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Uncovered Option What It Is and How It Works

Uncovered Option What It Is and How It Works

Uncovered Option: What It Is and How It Works

What Is an Uncovered Option?

In option trading, "uncovered" refers to an option without an offsetting position in the underlying asset. Uncovered options are written options, or sell orders. This is also known as selling a naked option.

Key Takeaways

  • Uncovered options are sold options without a position in the underlying security.
  • Selling this kind of option creates the risk of needing to acquire a position in the security when the option buyer wants to exercise it.
  • The risk of an uncovered option is that the profit potential is limited, but the loss potential may be multiple times the greatest profit.

How an Uncovered Option Works

Traders who sell an option have a potential obligation. That obligation is covered by having a position in the underlying security. If the trader sells the option without a position in the underlying security, then the position is uncovered or naked.

Traders who buy a simple call or put option have no obligation to exercise it. However, those who sell these options have an obligation to provide a position in the underlying asset if the buyers choose to exercise them.

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Risks With an Uncovered Options Strategy

An uncovered put strategy is risky because of the limited upside profit potential and the significant downside loss potential. The maximum profit is achievable if the underlying price closes at or above the strike price at expiration. The maximum loss is theoretically significant because the price of the underlying security can fall to zero.

The higher the strike price, the higher the loss potential with uncovered puts.

An uncovered call strategy is also risky, with limited upside profit potential and theoretically unlimited downside loss potential. Maximum profit is achieved if the underlying price falls to zero. The maximum loss is theoretically unlimited because there is no cap on how high the price of the underlying security can rise.

An uncovered options strategy is the opposite of a covered options strategy. A covered put involves keeping a short position in the underlying security, and the puts are sold or shorted in equal quantities. The only difference between a covered put and a covered call is the underlying position – short instead of long.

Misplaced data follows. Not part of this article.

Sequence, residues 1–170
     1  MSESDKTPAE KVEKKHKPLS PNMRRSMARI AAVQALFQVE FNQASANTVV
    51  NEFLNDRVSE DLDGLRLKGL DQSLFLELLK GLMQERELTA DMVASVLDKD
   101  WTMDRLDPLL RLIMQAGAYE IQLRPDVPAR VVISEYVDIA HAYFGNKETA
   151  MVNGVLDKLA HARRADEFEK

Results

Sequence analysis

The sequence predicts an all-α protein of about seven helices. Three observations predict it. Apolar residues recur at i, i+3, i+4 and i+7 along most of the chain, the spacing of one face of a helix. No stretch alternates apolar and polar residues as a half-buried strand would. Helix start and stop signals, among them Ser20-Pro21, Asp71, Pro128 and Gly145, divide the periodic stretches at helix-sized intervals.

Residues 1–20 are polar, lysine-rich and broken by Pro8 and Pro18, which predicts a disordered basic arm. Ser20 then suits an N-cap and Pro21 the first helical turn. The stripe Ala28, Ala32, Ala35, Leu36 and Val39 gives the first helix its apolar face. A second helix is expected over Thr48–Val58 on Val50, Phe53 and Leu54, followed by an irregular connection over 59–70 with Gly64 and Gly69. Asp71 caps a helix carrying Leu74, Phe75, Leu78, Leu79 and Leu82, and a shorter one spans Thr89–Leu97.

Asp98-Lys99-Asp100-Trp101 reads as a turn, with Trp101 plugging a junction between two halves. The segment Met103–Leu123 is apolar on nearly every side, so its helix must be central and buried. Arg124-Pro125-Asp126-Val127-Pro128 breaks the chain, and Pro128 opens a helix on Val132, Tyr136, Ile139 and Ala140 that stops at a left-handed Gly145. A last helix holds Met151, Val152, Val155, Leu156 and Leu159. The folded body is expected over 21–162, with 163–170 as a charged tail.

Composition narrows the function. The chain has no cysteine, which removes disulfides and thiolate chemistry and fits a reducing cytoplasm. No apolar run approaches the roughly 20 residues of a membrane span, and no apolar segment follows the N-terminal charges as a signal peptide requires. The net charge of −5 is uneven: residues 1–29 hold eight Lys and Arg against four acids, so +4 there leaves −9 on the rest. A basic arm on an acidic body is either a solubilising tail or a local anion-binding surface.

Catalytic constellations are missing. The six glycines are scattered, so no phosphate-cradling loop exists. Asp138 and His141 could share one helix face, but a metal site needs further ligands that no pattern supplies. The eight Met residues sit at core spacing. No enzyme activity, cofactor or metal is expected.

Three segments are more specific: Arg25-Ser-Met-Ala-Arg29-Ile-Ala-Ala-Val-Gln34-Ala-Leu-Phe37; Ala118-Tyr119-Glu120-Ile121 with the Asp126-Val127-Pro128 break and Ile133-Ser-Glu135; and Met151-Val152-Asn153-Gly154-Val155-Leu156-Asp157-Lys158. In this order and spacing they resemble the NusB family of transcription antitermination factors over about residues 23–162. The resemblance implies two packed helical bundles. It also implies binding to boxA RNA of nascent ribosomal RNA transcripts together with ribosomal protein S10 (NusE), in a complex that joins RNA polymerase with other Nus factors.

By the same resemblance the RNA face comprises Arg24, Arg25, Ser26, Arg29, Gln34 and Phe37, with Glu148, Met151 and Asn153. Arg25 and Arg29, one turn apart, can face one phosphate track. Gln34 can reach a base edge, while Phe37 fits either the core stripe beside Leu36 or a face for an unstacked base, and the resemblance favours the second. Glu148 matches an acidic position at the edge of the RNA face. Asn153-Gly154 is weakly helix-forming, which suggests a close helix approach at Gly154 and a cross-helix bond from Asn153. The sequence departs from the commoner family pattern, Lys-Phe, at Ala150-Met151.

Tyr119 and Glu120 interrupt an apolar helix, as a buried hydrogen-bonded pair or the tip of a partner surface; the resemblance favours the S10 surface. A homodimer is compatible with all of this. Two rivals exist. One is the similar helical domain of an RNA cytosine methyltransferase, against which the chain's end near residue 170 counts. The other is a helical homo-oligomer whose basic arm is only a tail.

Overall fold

However, in practice, sellers of uncovered puts or calls will likely repurchase them well before the price of the underlying security moves too far from the strike price.

Using Uncovered Options

Uncovered options are suitable for experienced investors who understand the risks and can afford losses. Margin requirements are high for this strategy due to potential significant losses. Investors who believe the price of the underlying security will rise, fall, or stay the same can write options to earn premiums.

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With uncovered puts, if the stock is above the strike price between the option’s writing and expiration, the writer keeps the premium, minus commissions. With uncovered calls, if the stock is below the strike price between writing the option and expiration, the writer keeps the premium, minus commissions.

The breakeven point for an uncovered put option is the strike price minus the premium. The breakeven for the uncovered call is the strike price plus the premium.

Example of an Uncovered Put

If the price of the stock falls below the strike price before or on the expiration date, the buyer can demand the seller take delivery of shares. The seller must sell the shares in the open market at a loss even though they paid the strike price. For example, if the strike price is $60 and the open market price is $55 at exercise, the seller incurs a loss of $5 per share.

How Risky Is an Uncovered Call Option?

Uncovered call options are very risky. The profit potential is limited, while the loss potential is unlimited – the price can only drop to zero, but it could rise almost infinitely.

What Are Uncovered Option Trading Strategies?

Uncovered option trading strategies benefit from collecting premiums without putting up a lot of capital. However, there is a risk that the underlying security doesn’t perform as expected, and the options seller must quickly acquire a position at any price.

Are Uncovered Calls Worth It?

When deciding whether uncovered calls are worth it, it’s important to remember that the reward is unlikely to outweigh the unlimited risk in these scenarios.

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The Bottom Line

Uncovered options are written options without a position in the underlying security. Selling uncovered options is a risky strategy because the seller may need to quickly acquire a position if the buyer exercises the option. Furthermore, the profit potential is capped with uncovered options, but the potential for loss is not.

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